The Substance Abuse and Mental Health Services Administration yesterday released National Guidelines for Child and Youth Behavioral Health Crisis Care, which offer guidance and strategies to help communities address gaps in behavioral health crisis services for children and youth. The guidelines recommend that youth in crisis from mental health and substance use disorders receive care in the least restrictive setting possible, and if safe, at home and in the community. They also recommend crisis response systems partner with schools, community organizations and others across the continuum of care; be trained to respond to diverse needs; and reflect the diverse communities they serve.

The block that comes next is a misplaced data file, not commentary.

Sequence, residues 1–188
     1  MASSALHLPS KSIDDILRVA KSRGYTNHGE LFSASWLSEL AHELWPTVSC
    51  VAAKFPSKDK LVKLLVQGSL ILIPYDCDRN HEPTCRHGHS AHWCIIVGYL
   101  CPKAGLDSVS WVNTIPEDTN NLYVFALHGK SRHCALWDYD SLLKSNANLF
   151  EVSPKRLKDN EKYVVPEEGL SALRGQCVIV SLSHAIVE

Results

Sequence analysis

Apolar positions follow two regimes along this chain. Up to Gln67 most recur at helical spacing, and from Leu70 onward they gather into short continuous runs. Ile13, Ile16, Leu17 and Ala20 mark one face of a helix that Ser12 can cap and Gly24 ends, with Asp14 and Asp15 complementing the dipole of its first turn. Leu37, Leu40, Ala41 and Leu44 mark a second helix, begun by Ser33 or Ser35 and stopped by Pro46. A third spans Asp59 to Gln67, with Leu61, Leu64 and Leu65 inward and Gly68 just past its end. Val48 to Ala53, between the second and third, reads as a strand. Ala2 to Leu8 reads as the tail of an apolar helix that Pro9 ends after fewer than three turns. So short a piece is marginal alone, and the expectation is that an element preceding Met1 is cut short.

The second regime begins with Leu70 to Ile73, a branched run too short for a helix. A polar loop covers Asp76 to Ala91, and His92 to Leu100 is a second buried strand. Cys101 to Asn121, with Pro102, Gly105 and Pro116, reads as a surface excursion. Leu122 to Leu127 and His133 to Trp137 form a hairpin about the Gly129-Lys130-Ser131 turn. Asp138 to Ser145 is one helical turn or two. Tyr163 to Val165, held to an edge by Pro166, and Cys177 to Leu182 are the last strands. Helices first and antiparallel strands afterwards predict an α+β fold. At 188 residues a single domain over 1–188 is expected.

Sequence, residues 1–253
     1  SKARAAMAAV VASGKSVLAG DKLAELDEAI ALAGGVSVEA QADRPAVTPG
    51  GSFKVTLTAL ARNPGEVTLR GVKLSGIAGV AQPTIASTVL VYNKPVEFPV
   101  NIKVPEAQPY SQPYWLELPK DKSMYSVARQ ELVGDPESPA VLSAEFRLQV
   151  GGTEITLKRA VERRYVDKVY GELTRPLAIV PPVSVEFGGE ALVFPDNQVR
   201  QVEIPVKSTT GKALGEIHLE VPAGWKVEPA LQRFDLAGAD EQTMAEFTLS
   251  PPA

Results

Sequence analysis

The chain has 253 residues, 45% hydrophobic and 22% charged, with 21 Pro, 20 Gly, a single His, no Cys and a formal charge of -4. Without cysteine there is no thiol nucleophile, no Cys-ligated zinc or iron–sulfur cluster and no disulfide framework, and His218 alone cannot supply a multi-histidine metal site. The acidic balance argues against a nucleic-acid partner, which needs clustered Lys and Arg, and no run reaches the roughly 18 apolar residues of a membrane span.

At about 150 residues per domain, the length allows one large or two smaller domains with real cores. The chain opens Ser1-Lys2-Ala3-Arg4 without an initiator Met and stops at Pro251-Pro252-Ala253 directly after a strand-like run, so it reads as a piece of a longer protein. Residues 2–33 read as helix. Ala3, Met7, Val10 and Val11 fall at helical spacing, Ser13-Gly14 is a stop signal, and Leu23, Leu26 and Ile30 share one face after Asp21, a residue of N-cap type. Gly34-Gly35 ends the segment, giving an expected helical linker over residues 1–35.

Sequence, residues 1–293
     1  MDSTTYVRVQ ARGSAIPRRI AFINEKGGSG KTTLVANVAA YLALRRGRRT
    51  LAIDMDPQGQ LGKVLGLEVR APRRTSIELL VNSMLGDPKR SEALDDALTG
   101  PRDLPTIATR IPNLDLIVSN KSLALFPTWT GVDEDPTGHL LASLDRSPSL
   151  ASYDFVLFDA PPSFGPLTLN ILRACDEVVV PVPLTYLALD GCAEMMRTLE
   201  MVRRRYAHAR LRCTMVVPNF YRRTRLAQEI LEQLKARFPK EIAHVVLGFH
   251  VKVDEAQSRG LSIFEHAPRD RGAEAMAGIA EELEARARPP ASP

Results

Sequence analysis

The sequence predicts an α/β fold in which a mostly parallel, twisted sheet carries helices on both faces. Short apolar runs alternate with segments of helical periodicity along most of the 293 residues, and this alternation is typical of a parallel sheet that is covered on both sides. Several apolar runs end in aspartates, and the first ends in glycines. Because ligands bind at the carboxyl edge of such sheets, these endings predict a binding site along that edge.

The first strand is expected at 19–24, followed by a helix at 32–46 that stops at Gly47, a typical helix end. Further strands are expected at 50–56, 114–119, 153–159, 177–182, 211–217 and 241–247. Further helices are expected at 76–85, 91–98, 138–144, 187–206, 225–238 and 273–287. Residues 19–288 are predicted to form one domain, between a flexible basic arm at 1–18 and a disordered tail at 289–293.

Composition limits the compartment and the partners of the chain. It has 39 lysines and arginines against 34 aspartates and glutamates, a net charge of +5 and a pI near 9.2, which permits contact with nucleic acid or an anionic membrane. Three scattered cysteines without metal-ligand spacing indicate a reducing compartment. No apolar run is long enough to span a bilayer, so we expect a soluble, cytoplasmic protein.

AHA last year joined the Children’s Hospital Association, American Academy of Pediatrics and the American Academy of Child and Adolescent Psychiatry as a partner in Sound the Alarm for Kids, an initiative urging Congress to enact legislation and increase funding to better support mental health for children and teens.
The 10-digit National Suicide Prevention Lifeline in July transitioned to the 988 Suicide and Crisis Lifeline, meaning individuals experiencing a suicide, mental health or substance use crisis can simply call, chat or text 988 to connect with a trained crisis counselor. For more information, visit the AHA’s 988 resources page.